An ILC2’s job is to make signaling molecules (called cytokines) that quickly alert other immune cells to react to a pathogen. Unfortunately, ILC2s sometimes over-react and respond to harmless environmental allergens. In these cases, ILC2s churn out cytokines that drive mucus production and inflammation in the lungs. All this swelling and mucus leads to hypoxia.
As they report in Journal of Experimental Medicine, ILC2s respond to hypoxia as well, adding to the lung damage already caused during an asthma attack. “That hypoxia may then contribute further to inflammation,” says Kronenberg.
The next step was to figure out exactly how epithelial cells activate ILC2 during hypoxia. LJI Postdoctoral Fellow Jihye Han, Ph.D., led the work to uncover an unexpected culprit: adrenomedullin (ADM). ADM is known for its role in helping blood vessels dilate, but until now it had no known role in immune function.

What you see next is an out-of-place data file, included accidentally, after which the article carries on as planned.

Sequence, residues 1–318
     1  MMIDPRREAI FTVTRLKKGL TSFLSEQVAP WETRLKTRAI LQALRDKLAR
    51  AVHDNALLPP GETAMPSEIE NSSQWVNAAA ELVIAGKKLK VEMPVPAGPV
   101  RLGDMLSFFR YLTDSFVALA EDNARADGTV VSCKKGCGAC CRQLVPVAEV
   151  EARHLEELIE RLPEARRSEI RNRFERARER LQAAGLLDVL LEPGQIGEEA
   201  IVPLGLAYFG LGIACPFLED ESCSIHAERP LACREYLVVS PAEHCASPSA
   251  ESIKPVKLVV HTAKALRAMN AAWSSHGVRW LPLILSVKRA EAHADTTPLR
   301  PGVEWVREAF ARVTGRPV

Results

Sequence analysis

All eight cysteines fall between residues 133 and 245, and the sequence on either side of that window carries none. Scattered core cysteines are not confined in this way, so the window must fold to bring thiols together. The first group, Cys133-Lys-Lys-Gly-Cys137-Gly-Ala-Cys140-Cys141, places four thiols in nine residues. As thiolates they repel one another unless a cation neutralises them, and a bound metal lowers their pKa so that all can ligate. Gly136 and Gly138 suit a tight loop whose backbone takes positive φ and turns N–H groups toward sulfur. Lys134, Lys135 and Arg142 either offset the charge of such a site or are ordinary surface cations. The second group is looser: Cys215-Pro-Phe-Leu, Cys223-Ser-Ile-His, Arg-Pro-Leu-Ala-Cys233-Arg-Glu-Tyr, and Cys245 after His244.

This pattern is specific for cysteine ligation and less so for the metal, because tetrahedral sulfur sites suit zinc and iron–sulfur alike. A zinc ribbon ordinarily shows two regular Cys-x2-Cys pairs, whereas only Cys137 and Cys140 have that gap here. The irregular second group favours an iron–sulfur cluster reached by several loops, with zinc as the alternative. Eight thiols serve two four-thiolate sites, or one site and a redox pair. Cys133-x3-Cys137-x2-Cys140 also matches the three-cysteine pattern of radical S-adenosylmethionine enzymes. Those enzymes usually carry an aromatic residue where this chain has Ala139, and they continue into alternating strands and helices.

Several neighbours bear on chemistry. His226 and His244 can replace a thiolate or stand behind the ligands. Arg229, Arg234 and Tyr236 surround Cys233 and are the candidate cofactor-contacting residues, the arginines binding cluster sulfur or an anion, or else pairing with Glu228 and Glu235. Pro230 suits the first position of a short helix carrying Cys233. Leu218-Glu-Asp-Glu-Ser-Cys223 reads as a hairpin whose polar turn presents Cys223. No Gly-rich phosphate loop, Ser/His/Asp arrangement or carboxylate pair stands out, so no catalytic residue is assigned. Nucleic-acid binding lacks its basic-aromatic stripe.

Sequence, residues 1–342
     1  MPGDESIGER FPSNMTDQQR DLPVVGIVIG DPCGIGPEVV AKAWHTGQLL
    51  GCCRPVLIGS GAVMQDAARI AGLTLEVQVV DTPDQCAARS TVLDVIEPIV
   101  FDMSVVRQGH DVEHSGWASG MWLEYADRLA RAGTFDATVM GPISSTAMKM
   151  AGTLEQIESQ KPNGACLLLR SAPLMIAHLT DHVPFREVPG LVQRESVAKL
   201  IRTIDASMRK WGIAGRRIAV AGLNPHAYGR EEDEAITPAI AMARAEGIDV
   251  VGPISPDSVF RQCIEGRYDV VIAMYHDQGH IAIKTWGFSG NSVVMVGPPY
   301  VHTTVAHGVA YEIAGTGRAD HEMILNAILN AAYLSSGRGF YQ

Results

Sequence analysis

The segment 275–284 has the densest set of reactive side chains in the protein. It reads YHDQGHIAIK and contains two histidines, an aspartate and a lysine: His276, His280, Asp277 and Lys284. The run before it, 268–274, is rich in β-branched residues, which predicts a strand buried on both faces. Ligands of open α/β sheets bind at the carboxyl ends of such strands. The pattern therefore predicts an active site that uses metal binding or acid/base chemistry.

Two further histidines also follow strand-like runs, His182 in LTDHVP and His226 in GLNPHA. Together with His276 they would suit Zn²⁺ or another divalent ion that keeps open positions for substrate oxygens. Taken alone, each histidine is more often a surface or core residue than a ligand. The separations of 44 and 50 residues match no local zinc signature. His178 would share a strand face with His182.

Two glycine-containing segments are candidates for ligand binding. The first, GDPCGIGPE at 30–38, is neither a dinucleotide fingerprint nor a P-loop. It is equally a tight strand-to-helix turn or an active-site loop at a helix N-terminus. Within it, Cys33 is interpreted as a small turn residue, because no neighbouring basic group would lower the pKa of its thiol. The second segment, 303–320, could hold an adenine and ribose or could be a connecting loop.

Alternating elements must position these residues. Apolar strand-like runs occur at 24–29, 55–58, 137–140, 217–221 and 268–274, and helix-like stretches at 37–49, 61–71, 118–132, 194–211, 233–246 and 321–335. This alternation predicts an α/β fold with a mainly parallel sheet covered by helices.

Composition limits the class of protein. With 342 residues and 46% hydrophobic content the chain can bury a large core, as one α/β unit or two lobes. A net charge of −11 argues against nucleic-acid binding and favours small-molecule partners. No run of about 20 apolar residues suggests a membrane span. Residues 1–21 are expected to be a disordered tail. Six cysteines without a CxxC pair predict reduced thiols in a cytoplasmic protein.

Kronenberg was surprised to see ADM involved—but not shocked. “We’re finding that many molecules with no previously known role in the immune system can also be important for immune function,” says Kronenberg. “We need to understand that more generally.”
The researchers showed that human lung epithelial cells exposed to hypoxia also produced ADM. This means ADM or its receptor could be targets for treating inflammatory and allergic lung diseases.
The challenge is to find a balance between dampening the harmful immune response without leaving the body vulnerable to infections. Kronenberg points out that the epithelial cell-ADM-ILC2 connection protected mice from hookworm infections, which damage the lungs and gut.
“ADM is a new target for lung diseases and has been implicated in bacterial pneumonia as well,” says Kronenberg. “But blocking it would have to be done carefully.”
Source: La Jolla Institute for Immunology
Source: Healthcare in Europe